Namenlosen Trinker — Trudging the Road of Happy Destiny since August 1992
I was born in 1950, the first of six children. I picked up my first drink in August 1966 at the age of sixteen. Twenty-six years later, I finally gave in and surrendered to the program of Alcoholics Anonymous. If I had settled then for the best that I could possibly have hoped for, I would have seriously short-changed myself.
I cannot blame my drinking in any way on my upbringing. We came as close as anyone I know to having a non-dysfunctional family. I've always known that my parents loved me. I've always loved my brothers and sisters and known that they loved me. While my parents both drank, as did most of my extended family—my mother was one of six, my father one of ten and I have something like 70 first cousins—there was not a great deal of alcoholism among them. My brother Doppelganger is in the program. I have one cousin I know about in the program. A few of my aunts drank too much—two of my three uncles died young, before I was born, and the other doesn't drink—but quite a few married alcoholics. For example, Aunt Al-Anon married a distant cousin of Lois Wilson's and was probably the worst case among my extended family. More about her later.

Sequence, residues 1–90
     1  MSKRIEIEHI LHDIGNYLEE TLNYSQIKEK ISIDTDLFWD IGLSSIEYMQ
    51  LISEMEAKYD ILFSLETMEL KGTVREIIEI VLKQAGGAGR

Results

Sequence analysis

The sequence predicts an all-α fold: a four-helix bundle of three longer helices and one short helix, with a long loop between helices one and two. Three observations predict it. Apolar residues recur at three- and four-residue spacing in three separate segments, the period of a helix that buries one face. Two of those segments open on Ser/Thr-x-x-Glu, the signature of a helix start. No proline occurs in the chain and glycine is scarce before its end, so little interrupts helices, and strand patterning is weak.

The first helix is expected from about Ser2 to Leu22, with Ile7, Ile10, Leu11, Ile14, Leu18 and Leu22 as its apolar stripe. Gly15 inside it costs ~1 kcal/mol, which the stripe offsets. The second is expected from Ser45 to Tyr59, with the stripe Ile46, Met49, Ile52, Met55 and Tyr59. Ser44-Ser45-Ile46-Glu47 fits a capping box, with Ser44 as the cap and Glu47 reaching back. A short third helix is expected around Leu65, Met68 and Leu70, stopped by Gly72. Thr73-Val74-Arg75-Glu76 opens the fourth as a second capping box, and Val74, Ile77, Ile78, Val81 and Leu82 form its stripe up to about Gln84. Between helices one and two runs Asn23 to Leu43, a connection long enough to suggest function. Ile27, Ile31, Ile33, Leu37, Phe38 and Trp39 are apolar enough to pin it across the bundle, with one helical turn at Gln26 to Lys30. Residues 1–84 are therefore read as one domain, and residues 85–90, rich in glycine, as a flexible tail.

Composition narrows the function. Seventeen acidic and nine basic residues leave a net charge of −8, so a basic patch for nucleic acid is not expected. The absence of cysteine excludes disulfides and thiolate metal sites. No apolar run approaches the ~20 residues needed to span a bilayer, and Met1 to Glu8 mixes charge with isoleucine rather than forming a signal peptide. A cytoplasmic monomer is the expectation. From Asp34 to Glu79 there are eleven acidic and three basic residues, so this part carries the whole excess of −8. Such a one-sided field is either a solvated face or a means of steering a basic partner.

More significantly, this extended family mine was a post-Prohibition family. They were very much what Bill W. referred to as "wets" (as opposed to "drys"). The strenuously objected to the idea of government telling them when, where and how much to drink, let alone whether or not to drink at all. This may have had plenty to do with the organized church1 within which I was raised.
I am a Swedenborgian. Both my parents, all four of my grandparents and all eight of my great-grandparents were or are Swedenborgian. Considering that this religion was only started in the late 1700's and that it comprises fewer than 100,000 people around the world, this is quite remarkable. There are very few of us who can say that.
1 I am intentionally distinguishing here between religion and organized church.